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"Shiloh: Storm Cloud of Revolution" Topic


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388 hits since 6 Apr 2018
©1994-2018 Bill Armintrout
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Tango0106 Apr 2018 3:42 p.m. PST

"As the first truly revolutionary battle of the Civil War, it is useful to reflect on the Battle of Shiloh in order to develop insights into the nature of strategy and leadership that are relevant to decision-makers in the 21st-century world.

The spring of 1862 was a happy time for the Union soldiers in the Army of the Tennessee. In General Ulysses Grant they had a commander who had just rocketed to fame, they were buoyed by the recent and stunning Union victory at Fort Donelson, and now they were part of an audacious plan to invade the Confederacy. Adding to their satisfaction was an innovation in military logistics: instead of marching to their destination, a fleet of riverboats had carried them down the Tennessee River. One of Grant's divisions (6,000 soldiers under General Lew Wallace) disembarked at Crump's Landing. The rest of his army (five divisions totaling about 37,000 soldiers) disembarked six miles further south at Pittsburg Landing. The fields next to Pittsburg Landing (which featured a small church called Shiloh Chapel) soon blossomed with hundreds of tents as carefree young Union soldiers tried out their new weapons and generally familiarized themselves with the daily routine of army life. As they waited for the 35,000 soldiers of the Army of the Ohio under General Don Carlos Buell to join them, they and their commander spent their days thinking about what they would do to the Confederate army opposing them. They should have spent more time thinking about what the Confederates might do to them…."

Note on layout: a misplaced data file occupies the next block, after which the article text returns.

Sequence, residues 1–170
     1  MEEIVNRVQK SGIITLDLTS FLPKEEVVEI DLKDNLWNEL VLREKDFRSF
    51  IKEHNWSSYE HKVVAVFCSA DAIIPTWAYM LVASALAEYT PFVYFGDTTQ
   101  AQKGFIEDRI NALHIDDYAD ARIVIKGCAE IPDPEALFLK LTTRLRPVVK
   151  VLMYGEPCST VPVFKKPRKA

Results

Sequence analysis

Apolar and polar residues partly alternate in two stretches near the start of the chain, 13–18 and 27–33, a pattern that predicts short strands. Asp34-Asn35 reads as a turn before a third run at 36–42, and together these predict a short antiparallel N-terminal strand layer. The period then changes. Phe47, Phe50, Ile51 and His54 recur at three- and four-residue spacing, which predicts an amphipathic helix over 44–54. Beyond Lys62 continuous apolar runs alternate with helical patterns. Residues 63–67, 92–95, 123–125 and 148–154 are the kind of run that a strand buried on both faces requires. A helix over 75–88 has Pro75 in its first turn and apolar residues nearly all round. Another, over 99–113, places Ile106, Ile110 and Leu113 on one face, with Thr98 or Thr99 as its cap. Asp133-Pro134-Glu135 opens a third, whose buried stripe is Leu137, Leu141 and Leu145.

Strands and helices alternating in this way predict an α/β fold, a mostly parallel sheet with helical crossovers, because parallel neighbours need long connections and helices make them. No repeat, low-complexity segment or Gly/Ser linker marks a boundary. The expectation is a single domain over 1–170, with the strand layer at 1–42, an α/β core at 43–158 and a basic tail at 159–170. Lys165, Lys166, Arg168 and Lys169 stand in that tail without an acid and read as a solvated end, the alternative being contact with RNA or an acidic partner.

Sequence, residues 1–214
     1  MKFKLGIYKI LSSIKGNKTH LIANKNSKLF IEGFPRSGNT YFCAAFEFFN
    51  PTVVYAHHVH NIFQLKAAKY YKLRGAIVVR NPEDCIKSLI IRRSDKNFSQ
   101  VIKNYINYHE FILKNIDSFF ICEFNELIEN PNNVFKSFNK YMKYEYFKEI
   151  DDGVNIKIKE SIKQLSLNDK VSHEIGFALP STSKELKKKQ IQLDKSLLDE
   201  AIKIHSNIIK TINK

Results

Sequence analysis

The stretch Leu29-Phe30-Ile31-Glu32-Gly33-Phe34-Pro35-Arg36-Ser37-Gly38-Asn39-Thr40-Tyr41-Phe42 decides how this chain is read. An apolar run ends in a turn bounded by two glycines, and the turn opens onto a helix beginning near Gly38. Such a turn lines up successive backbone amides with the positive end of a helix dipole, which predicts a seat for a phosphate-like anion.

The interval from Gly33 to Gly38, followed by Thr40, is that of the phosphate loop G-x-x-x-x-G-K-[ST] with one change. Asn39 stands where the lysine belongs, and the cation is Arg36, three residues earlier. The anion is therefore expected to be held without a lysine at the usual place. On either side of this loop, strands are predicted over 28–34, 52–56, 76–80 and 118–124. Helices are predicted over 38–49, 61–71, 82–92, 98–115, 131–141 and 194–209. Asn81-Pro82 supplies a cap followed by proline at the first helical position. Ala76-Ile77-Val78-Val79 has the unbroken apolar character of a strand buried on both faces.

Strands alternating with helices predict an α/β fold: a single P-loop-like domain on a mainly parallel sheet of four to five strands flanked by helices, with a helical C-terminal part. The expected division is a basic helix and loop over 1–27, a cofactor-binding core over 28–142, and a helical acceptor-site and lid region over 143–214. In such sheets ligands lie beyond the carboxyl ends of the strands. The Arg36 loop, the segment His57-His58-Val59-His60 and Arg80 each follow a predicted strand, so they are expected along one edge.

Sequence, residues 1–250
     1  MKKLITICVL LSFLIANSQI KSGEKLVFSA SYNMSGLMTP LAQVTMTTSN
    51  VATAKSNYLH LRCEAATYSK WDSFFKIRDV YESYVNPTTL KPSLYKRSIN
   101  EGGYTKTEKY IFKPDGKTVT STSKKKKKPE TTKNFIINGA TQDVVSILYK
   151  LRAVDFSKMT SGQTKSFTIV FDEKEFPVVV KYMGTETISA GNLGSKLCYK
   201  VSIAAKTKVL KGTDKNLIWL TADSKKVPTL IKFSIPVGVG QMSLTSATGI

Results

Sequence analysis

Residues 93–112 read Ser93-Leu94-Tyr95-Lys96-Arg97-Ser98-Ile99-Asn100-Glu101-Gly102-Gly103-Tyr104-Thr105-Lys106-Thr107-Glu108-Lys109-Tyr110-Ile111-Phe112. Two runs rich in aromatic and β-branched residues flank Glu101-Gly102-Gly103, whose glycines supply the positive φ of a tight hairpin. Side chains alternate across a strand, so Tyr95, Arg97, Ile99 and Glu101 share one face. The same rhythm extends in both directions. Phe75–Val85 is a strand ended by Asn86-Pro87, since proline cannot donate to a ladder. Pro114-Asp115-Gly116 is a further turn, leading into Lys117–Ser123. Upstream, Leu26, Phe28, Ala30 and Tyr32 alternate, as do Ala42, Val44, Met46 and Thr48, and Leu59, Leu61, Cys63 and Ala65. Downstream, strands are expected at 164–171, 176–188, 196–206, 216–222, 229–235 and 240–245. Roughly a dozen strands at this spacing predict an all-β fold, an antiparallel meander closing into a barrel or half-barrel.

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Armand

donlowry07 Apr 2018 9:47 a.m. PST

a fleet of riverboats had carried them down the Tennessee River.

That part of the Tennessee River (now Kentucky Lake) runs south to north, so the boats took them UP the river, not down.

Tango0107 Apr 2018 11:13 a.m. PST

Good point my friend.!

Amicalement
Armand

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